Control Freak?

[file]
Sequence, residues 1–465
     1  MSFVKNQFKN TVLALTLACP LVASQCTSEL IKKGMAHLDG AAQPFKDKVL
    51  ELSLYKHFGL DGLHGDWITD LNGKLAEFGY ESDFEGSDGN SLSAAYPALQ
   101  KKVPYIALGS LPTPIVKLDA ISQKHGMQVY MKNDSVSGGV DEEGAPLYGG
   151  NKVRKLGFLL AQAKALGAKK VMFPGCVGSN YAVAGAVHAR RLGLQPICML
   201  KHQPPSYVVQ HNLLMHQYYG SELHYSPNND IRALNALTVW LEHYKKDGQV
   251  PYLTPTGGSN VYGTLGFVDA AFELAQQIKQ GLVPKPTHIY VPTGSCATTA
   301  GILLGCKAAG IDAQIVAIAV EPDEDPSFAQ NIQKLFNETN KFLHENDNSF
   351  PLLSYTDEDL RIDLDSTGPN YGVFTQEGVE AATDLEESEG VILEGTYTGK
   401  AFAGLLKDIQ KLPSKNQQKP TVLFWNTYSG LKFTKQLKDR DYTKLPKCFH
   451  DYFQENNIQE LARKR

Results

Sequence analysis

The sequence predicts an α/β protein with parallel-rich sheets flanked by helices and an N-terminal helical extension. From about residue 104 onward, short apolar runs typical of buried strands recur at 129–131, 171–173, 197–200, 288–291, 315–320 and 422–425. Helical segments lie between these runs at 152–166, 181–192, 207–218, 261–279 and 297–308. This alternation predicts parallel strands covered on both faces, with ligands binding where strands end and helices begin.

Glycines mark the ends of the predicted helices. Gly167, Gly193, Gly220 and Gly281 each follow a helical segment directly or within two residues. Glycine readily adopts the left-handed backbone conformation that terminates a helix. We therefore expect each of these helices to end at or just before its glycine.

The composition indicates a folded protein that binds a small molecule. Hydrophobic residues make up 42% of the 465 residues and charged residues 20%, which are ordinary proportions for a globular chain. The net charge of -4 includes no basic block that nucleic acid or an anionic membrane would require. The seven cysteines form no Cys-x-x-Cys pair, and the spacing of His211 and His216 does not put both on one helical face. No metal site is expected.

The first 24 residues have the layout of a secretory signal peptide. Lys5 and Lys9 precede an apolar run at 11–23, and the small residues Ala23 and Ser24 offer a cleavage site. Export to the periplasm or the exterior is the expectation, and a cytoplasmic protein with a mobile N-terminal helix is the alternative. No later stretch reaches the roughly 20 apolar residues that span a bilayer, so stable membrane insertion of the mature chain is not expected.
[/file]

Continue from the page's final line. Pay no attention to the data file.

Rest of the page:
In a recent post, entitled “Work In Progress”, I included a link to an extract of a recent piece of music I’ve been working on. In order to show just how different my new way of working is from my old style I’ve uploaded a track which starts with a short extract of a piece from the past for clarinet and string orchestra (composed in my old traditional style) which then cross-fades into a piece I’m working on at the moment. The result is a complete sea-change; a total paradigm shift. In the old music melody is a crucial part of what drives the music; the new music has an almost total absence of melody (in the true sense of the word). The old music uses traditional orchestral instruments; the new music is entirely electronic. There are similarities also.  The old music is driven not only by melody but by harmony. Harmony, in its widest sense, is actually a common denominator between the two styles. It stands to reason, that because I am still the same person, with the same brain and the same way of thinking about structure and texture, there is going to be some continuity despite the obvious differences in musical vocabulary. Also, the way texture is used in the new music is informed by years of practice at orchestrating music for traditional instruments. I think the biggest difference is the extent to which one, as a composer, is in control of the final outcome. The electronic composer who writes music which is saved as a digital file for posterity is totally in control of what present and future listeners will hear. He is, in fact, a control freak. I will readily admit to that!  The acoustic composer is at the mercy of the performer in terms of the performance outcome, for good or ill. Have a listen to this track and hear the difference in the two styles of composition:


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